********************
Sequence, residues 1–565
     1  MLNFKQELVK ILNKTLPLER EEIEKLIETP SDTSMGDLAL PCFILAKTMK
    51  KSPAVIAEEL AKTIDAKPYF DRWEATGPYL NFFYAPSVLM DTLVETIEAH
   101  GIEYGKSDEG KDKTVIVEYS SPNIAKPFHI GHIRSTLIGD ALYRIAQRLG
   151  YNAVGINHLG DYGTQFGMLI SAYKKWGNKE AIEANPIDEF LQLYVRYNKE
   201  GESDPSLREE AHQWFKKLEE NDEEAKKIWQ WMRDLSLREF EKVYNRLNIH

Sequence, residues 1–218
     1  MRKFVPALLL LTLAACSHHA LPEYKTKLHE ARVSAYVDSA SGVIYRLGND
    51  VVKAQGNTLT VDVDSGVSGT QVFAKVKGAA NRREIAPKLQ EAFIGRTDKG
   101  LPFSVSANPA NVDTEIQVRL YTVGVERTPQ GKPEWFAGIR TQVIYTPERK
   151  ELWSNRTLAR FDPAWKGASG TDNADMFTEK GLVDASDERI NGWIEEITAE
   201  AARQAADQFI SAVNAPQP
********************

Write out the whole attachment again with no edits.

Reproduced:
Sequence, residues 1–565
     1  MLNFKQELVK ILNKTLPLER EEIEKLIETP SDTSMGDLAL PCFILAKTMK
    51  KSPAVIAEEL AKTIDAKPYF DRWEATGPYL NFFYAPSVLM DTLVETIEAH
   101  GIEYGKSDEG KDKTVIVEYS SPNIAKPFHI GHIRSTLIGD ALYRIAQRLG
   151  YNAVGINHLG DYGTQFGMLI SAYKKWGNKE AIEANPIDEF LQLYVRYNKE
   201  GESDPSLREE AHQWFKKLEE NDEEAKKIWQ WMRDLSLREF EKVYNRLNIH

Sequence, residues 1–218
     1  MRKFVPALLL LTLAACSHHA LPEYKTKLHE ARVSAYVDSA SGVIYRLGND
    51  VVKAQGNTLT VDVDSGVSGT QVFAKVKGAA NRREIAPKLQ EAFIGRTDKG
   101  LPFSVSANPA NVDTEIQVRL YTVGVERTPQ GKPEWFAGIR TQVIYTPERK
   151  ELWSNRTLAR FDPAWKGASG TDNADMFTEK GLVDASDERI NGWIEEITAE
   201  AARQAADQFI SAVNAPQP